One of the reasons for this is ever-lengthening expense list that people associate with getting married. Especially a lot of women (muslims as well as non-muslims) seem to think of the wedding more than they think of the marriage. Men on the other hand, spend more time in panicking about how on earth they are ever going to pay for everything related to the wedding, than they do in concentrating in becoming good, loving husbands and a heads of households. And how, one might argue, can you really blame them? Even those couples who would prefer having a small, simple wedding usually have relatives who expect things to be done in a certain way and we all know what comes of not meeting their expectations, especially in certain cultural contexts. It’s not a small worry, if you need to do it right, and there is a growing number of people who choose to take a loan (usually from a non-islamic interest-demanding source) to cater for the extravagance. There are people who spend as much money on their wedding as they could have spent for a house, or paying off their student loans. There are also a lot of muslims who decide to date or “be engaged” for a long time before actually getting married- after all, they reason, one has to know who they marry. Right? Right…
The assumption seems to be that the longer you date and the more experienced you are when getting married, the more chances you have in succeeding in your marriage. This would probably be true, had the person spent all that time preparing him/herself to becoming the best possible partner for another human being. However this time is often spent pursuing each individuals own interests, education, career etc. So eventually when two such people come together, they are very likely to have become very strong individuals, which is great, but this doesn’t make them good partners. Very often it just makes them more selfish.
We live in a culture that nurtures mass-marketed individualism as a birthright. Instead of seeing ourselves as people who need to develop ourselves to become the best human beings we can be, we are being fed this idea that because we are all that and a bag of skittles, we don’t need to please anyone else and we certainly don’t need to compromise. We also believe that, being so special, we don’t have to try our best since our mediocre is good enough.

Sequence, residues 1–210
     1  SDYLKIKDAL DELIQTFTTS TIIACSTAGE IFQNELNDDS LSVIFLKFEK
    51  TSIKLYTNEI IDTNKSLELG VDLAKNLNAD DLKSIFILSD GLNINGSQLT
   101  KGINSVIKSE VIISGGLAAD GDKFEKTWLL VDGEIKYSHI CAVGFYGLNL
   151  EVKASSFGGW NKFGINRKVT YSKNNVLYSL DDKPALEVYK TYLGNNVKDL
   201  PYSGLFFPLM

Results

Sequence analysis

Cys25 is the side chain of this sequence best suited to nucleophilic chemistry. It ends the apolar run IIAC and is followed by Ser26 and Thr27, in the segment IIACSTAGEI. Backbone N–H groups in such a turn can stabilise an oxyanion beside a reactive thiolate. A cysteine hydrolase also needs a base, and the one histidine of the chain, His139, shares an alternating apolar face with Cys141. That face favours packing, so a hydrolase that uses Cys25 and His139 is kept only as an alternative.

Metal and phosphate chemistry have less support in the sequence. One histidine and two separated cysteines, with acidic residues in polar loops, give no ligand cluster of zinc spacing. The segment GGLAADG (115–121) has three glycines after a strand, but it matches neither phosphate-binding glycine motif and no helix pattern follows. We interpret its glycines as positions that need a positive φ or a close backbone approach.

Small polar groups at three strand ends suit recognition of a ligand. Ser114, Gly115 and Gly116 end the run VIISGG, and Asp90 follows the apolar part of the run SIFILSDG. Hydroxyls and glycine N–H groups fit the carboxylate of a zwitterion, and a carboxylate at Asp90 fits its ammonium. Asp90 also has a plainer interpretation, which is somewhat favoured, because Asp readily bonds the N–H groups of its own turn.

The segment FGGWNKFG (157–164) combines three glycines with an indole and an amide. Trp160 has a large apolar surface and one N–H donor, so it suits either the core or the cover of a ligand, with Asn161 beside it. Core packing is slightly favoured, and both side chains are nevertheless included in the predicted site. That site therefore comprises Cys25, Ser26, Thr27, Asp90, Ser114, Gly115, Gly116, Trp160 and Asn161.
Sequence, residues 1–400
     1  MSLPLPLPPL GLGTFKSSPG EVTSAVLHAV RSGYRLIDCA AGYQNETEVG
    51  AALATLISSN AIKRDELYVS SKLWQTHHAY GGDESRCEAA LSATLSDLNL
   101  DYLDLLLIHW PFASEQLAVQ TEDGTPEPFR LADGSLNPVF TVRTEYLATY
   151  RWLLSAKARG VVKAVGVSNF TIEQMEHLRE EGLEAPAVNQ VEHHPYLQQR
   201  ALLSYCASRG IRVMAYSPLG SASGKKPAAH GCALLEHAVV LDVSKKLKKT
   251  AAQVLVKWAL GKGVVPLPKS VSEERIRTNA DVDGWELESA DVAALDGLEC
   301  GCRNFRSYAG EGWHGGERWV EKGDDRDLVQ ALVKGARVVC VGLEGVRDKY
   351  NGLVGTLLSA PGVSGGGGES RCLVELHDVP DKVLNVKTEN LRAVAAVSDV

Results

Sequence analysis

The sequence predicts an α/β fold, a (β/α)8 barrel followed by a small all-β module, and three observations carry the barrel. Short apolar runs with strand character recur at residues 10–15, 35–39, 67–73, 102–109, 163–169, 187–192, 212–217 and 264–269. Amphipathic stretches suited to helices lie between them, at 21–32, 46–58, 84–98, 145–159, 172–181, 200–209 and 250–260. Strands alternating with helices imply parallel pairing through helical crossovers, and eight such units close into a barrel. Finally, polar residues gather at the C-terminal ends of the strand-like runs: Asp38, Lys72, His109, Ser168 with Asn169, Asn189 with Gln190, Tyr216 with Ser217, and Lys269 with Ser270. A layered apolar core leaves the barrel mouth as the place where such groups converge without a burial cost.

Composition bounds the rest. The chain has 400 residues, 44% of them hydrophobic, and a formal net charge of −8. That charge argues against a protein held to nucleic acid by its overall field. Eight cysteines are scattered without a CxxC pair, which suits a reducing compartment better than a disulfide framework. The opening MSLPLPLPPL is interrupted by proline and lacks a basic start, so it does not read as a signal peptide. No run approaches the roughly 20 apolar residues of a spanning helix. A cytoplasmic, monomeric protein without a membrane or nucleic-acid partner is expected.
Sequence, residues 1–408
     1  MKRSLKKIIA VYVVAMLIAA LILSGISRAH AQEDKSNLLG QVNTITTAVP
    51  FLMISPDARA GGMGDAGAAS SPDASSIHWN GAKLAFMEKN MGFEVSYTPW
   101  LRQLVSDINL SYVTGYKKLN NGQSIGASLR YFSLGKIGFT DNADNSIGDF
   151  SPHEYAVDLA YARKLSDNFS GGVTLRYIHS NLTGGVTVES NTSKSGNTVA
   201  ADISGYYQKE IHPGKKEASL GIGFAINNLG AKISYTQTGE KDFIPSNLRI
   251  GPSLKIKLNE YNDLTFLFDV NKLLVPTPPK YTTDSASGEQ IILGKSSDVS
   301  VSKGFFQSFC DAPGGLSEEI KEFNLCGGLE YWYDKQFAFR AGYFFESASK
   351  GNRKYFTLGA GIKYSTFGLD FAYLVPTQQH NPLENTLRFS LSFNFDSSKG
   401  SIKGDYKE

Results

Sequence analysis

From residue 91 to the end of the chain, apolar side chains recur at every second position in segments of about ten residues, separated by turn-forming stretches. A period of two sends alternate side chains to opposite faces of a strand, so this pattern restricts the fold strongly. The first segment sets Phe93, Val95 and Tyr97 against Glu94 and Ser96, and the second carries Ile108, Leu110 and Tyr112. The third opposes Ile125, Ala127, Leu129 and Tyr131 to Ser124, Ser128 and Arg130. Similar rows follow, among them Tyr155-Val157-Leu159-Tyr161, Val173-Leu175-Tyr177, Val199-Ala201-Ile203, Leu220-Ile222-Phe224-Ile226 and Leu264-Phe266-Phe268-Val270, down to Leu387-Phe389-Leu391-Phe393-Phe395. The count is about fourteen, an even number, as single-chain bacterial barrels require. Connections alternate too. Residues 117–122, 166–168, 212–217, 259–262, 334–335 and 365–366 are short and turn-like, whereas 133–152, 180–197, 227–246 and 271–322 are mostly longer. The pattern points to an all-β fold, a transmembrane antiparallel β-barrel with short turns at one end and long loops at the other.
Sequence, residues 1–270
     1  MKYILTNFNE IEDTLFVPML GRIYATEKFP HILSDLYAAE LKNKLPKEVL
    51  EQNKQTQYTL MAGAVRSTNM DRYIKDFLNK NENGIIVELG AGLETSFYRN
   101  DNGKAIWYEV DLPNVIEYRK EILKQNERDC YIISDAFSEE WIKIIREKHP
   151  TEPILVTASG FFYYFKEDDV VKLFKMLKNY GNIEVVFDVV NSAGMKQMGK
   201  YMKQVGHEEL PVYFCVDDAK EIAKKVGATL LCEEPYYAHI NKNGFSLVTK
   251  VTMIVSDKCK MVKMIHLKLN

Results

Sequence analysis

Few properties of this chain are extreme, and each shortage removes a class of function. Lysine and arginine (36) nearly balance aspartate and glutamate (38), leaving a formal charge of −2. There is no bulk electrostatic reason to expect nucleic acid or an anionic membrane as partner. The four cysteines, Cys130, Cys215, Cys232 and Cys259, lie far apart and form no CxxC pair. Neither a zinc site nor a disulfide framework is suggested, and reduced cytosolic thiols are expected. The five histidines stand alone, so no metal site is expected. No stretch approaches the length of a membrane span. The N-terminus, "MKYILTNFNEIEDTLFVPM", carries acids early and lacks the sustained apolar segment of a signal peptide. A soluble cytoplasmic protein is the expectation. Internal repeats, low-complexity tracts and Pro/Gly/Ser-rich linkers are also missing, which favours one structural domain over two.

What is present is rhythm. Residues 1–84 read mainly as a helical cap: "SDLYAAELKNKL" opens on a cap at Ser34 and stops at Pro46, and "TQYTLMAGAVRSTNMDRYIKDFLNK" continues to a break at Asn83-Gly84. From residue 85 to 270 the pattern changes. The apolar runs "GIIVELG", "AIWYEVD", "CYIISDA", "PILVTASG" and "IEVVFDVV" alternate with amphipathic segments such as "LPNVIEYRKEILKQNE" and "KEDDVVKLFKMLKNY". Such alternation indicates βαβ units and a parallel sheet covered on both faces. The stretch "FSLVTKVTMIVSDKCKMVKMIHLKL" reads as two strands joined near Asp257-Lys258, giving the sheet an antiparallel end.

So we have a generation of people who believe they are the most deserving of the unrealistically fabulous life, and we wonder why our marriages don’t work. Taking haram loans or spending time together in a way that is not exactly halal further deteriorates the chances of a marriage succeeding, since these are the things that suck out of the baraka (blessing) from a relationship.
Of course we are also of the generation that demands instant fixes which doesn’t make any marital problems any easier to solve. The only way to build a successful relationship, be it with a spouse or with anyone really, is to demand the best – of yourself. This means the best behavior, the best patience, the best ability to compromise, the best love and the best respect. In the end of the day, in the Islamic context, the success of any relationship only demands two things; husn ul khulq and taqwa – excellent moral character combined with piety (refraining from that which displeases the Creator).
That doesn’t sound that hard does it? Unfortunately this requires for us to know, what an excellent moral character is like, and what the things that displease our Creator are. It also requires implementing, reflection and putting yourself to the test in a way you have never been tested before. However, this is a recipe that will result in your success in this world as well as the next – can you really afford not to implement it?
….Where Practice Makes Perfect